History of Ergonomics

Custom Student Mr. Teacher ENG 1001-04 22 September 2016

History of Ergonomics

Ergonomics refers to the study of the interaction between humans and the environment. This study is aimed at understanding mechanisms that are necessary in order to improve the working conditions of humans. Such working conditions include health, performance and comfort. The study is intended at enhancing strategies that optimize the performance of humans at work. This implies that it focuses on techniques that are required to restructure office etiquette and procedures in order to improve the overall productivity. However, ergonomics is not necessarily limited to office environment as it also encompasses other fields of human life.

In a practical perspective, ergonomics is a science concerned with the design of office equipments and artifacts in order to improve the comfort of workers and improve the overall productivity and effectiveness (Gilmore et al. , 1998). An ergonomicist is interested in the study of the interaction between humans and the tools they use in their working environments. The study of ergonomic includes the design of office equipments and space, and the positioning of switches in control rooms. It additionally includes the study of the interaction of the human behavior and their surrounding.

This study originated form Greece where the term ergonomics was derived from ergon meaning work and nomos meaning natural law in Greek. Later on a 19th century sociologist Fredrik Taylor invented the term ‘Scientific management’ to gain maximum results in the factory work. Since then, the practice of ergonomics has tremendously developed over time. As the age of space approaches, new factors continue to emerge such as weightlessness and gravitational force. As the modern world progresses into the future, the field of ergonomics continues to become more sophisticated.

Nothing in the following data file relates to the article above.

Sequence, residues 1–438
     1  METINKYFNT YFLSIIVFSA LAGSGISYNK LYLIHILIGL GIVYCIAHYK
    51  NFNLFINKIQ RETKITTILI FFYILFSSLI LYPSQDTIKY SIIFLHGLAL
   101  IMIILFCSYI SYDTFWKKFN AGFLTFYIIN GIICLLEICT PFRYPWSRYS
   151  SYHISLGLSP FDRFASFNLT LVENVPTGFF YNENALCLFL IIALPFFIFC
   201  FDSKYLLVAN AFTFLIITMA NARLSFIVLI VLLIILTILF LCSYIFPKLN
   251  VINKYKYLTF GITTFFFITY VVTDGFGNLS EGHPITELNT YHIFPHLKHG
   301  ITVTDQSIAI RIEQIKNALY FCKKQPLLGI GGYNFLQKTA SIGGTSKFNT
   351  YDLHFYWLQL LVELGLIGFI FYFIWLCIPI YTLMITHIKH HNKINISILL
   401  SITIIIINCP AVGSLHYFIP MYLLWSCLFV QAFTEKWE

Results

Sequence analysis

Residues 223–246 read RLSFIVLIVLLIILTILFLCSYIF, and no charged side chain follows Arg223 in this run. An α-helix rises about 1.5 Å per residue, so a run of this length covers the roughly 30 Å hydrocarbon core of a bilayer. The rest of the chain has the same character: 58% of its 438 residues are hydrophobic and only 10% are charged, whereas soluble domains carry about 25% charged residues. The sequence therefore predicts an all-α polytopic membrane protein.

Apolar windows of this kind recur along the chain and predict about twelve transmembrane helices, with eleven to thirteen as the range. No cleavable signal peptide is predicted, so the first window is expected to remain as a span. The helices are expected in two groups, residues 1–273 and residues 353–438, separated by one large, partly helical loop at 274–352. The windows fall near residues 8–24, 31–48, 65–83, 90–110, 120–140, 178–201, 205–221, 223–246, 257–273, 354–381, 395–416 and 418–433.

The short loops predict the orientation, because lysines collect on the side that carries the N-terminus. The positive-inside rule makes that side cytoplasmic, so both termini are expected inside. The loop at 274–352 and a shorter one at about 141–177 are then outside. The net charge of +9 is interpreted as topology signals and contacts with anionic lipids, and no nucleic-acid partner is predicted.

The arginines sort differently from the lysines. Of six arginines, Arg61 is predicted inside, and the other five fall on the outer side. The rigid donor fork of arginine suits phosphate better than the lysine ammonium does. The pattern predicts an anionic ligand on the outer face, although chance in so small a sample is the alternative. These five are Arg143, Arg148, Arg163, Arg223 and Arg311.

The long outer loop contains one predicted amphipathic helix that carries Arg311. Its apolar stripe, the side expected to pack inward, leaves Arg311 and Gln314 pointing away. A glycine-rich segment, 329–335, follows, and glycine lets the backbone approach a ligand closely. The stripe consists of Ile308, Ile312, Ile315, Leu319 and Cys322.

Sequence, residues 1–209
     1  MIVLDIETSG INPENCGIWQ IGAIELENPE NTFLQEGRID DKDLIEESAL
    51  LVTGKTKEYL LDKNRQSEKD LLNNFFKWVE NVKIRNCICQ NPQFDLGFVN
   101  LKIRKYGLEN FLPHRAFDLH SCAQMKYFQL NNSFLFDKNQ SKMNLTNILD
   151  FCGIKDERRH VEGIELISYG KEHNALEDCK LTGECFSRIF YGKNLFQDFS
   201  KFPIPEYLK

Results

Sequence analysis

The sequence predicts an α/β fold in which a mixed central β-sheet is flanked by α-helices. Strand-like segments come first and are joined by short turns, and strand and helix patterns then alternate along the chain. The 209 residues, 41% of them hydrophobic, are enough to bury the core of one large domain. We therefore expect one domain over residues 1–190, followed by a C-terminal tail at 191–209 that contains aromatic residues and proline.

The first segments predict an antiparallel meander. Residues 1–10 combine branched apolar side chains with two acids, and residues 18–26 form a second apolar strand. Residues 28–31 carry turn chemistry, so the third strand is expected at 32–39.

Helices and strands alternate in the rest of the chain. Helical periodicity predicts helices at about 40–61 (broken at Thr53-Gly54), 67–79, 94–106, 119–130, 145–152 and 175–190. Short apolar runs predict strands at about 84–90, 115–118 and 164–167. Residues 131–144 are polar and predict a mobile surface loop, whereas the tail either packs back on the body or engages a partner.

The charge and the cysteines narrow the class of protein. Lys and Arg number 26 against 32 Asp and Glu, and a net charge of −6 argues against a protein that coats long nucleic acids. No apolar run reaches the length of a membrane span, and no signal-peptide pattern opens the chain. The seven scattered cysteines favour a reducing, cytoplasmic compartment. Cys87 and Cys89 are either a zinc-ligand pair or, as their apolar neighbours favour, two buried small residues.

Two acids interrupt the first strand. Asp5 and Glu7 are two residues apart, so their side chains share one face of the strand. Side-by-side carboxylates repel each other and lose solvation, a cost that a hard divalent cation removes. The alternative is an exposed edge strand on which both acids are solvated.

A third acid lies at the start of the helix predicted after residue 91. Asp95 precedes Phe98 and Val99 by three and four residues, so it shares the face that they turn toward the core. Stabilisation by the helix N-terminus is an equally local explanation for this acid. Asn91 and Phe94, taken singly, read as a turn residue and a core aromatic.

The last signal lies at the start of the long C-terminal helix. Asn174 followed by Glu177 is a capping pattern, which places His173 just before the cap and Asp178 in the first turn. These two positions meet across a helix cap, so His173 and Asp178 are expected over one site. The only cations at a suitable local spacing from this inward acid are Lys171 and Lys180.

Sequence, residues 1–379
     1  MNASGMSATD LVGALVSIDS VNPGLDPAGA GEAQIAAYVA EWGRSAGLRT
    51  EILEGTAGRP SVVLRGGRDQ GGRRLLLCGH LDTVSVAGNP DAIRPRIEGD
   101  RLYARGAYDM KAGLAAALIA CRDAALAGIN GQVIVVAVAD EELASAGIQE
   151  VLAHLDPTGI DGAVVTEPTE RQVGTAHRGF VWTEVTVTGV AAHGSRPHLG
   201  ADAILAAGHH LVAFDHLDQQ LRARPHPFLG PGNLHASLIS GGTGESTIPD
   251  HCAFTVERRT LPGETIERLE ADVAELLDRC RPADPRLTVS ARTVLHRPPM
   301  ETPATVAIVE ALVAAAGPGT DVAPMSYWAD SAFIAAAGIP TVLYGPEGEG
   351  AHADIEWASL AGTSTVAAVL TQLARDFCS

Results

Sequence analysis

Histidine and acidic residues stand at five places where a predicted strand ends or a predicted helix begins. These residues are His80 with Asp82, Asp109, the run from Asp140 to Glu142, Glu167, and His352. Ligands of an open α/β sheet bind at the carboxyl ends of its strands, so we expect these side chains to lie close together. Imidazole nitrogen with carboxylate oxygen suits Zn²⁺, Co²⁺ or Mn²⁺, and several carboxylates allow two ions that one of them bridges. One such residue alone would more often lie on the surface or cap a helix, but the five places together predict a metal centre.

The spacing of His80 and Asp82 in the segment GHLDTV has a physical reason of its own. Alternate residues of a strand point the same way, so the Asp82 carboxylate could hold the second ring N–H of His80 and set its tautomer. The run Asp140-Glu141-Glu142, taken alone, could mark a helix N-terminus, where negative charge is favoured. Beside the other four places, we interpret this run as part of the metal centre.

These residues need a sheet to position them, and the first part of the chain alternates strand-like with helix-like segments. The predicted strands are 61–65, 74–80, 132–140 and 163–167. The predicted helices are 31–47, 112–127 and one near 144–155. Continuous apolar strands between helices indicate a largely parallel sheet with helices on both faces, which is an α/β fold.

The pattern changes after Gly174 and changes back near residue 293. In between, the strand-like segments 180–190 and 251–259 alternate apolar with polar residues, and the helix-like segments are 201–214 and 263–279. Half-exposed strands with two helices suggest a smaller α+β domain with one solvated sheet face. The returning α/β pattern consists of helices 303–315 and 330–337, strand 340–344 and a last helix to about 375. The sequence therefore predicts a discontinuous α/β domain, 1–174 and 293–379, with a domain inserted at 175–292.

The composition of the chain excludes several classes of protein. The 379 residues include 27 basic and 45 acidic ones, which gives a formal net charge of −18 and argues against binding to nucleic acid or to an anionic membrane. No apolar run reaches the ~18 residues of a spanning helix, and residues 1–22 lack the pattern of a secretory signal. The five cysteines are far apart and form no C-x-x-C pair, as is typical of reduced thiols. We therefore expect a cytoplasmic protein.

In the United States, an army personnel known as Alphonse Chapanis in 1943 explained that plane accidents caused by pilot errors could be significantly be reduced by using a more simple and rational cockpit instead of the common control layout (Jubel, 2007). Institutional ergonomics is concerned with the socio-technical aspects of the work environment which refers to the amalgamation of structure, process and organizational strategies. Cognitive ergonomics deals with the psychological perspectives of the workplace which involves the study of ideas, opinion and memory.

In academic viewpoint, the study of ergonomics would comprise the knowledge of psychology, engineering and health science. It is therefore necessary for an ergonomicist to possess a bachelors or masters degree in these disciplines. The practice of ergonomics can find use in several aspects of human life such as workplace, home setting, education and sports. The practical study of ergonomics involves the design of working equipments such as computer chairs or keyboards. Other ergonomic discipline involves the study of the environment of the world as is referred to as quantum ergonomics (Gilmore et al. 1998).